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should be rescinded”.47 Judicial consideration of the “contemporary community
standards” in wills variation claims, as directed by Tataryn, in the
search for unconscionability is therefore appropriate, and the concept of
“unconscionability” may be tailored to the estates context, as has occurred
in family law matters.48
In the writers’ view, the fact that the third criterion of the proposed test
may admit diverse circumstances is consistent with the flexibility of the
constructive trust and with the discretion of the courts in wills variation
matters where the more amorphous nature of moral obligations, as opposed
to strictly legal claims, is not seen as an impediment to establishing a claim.
As with the courts’ analysis of a will-maker’s moral obligations, consideration
of whether it is shockingly unfair for will-makers to divest their estate
of assets may not be as uncertain as might appear at first instance. As in all
wills variation cases, courts will be guided by contemporary social values.
Canadian societal consensus appears to be, for example, that it would be
unconscionable to allow a parent to disinherit a child and strip them of their
wills variation rights based on the parent’s disapproval of their child’s sexual
orientation or gender identity. Similarly, it would shock the conscience of
most people for a parent to leave nothing to their child and to structure their
estate to avoid the child’s wills variation claim following a history of abuse.
In these situations, a constructive trust might attach to the assets that the
will-maker intended to remove from the ambit of a wills variation claim.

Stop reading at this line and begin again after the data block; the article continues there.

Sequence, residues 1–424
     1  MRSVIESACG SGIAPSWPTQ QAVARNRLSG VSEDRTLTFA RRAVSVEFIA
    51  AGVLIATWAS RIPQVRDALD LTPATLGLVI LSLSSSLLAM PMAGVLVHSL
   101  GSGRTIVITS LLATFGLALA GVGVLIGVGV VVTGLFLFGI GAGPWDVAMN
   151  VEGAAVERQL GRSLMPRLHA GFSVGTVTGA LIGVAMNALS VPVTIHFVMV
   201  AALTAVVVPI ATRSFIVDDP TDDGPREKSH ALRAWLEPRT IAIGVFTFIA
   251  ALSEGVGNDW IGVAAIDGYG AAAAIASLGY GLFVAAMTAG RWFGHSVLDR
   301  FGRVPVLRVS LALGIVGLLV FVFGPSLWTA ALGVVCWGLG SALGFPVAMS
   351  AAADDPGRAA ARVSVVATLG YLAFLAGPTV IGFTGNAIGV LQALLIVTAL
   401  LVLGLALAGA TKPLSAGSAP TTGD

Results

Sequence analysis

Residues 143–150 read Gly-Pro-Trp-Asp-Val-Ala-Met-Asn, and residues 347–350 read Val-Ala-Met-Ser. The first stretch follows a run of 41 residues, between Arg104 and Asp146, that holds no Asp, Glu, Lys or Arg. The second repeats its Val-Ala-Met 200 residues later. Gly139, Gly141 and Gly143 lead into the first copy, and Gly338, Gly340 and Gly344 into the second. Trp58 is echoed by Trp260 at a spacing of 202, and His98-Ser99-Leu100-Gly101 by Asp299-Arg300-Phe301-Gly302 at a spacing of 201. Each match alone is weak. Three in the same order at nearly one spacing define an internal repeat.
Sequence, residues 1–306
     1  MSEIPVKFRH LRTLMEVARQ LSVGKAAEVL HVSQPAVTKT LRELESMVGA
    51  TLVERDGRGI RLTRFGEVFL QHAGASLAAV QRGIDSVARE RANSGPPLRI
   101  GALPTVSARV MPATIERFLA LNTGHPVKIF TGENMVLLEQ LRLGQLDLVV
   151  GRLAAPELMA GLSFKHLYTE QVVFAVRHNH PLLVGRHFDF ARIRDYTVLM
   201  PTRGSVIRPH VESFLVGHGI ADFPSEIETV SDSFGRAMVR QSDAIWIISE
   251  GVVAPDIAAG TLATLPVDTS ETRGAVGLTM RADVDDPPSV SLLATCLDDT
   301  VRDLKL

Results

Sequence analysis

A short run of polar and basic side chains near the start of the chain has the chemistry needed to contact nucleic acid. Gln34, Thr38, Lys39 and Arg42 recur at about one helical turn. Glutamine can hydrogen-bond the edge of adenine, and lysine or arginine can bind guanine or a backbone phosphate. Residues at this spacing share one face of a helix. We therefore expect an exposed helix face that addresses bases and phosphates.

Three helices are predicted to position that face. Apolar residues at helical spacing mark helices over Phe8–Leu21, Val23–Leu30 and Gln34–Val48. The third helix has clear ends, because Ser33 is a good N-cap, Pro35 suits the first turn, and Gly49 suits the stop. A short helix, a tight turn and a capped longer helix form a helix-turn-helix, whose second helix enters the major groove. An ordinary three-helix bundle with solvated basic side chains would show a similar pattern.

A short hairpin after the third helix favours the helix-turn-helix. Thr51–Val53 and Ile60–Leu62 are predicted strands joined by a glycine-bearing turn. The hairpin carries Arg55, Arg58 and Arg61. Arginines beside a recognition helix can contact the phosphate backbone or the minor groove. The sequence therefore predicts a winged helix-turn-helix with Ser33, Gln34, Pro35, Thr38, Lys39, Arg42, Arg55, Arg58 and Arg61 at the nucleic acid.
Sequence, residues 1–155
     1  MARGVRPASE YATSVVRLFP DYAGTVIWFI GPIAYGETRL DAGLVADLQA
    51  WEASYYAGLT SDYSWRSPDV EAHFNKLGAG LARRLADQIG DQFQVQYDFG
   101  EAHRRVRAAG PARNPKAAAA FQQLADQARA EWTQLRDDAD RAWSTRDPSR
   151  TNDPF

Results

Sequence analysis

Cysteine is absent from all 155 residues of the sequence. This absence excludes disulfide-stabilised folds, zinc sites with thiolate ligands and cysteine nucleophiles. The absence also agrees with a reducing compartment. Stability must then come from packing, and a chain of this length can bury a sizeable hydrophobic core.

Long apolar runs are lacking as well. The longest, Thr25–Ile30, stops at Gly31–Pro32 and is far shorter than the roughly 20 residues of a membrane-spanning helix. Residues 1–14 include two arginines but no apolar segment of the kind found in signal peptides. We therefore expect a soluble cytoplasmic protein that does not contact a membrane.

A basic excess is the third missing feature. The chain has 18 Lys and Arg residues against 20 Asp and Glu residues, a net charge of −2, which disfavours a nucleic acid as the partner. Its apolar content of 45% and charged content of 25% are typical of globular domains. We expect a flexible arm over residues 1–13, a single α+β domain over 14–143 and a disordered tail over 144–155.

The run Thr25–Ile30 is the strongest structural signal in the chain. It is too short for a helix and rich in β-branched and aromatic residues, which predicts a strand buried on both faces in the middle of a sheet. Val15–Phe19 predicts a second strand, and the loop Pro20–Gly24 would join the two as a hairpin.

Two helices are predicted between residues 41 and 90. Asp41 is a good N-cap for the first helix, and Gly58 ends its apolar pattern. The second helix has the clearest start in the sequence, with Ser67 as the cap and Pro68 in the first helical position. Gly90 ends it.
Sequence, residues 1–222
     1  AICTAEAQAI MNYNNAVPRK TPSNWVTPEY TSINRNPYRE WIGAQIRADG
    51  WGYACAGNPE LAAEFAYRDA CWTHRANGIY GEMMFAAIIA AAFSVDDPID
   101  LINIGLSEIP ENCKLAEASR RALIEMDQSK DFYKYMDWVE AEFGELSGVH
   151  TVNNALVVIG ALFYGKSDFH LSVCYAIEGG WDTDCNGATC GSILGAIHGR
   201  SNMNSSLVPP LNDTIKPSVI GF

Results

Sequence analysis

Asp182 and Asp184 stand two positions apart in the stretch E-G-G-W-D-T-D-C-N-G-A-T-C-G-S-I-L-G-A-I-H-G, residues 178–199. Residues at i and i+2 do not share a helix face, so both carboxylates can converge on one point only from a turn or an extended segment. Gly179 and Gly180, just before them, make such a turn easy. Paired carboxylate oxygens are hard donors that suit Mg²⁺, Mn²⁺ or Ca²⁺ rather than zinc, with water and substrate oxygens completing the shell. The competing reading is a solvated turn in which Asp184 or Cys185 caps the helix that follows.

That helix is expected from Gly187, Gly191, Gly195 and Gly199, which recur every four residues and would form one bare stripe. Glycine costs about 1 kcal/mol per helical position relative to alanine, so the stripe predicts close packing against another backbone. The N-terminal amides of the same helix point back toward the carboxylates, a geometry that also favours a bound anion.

Focusing the inquiry on “unconscionability” is in keeping with the historical
development of the constructive trust as being imposed where good conscience
requires, and serves to limit its availability in the wills variation
context to situations of manifest injustice.
Although the foregoing instances represent examples that we argue are
sufficient for equity to intervene, one wonders whether all that is necessary
for a constructive trust to be imposed is for a will-maker to deliberately
deprive a good faith wills variation claimant of a statutory remedy intended
to serve a social purpose. One could see, for example, counsel crafting arguments
that it ought not be necessary to show egregious conduct such as
abuse or discrimination. Instead, it may be argued to be sufficient to engage
the conscience of the court for a will-maker to intentionally undermine
“one of the links in the Government’s chain of social welfare legislation”.49
There will no doubt be considerable room for argument as to how far the
constructive trust remedy should be applied to address will-makers’ divesting
their estates of assets.
The fourth criterion, being the impact on third parties, also serves to mitigate
any significant “floodgate” concerns. A constructive trust would not be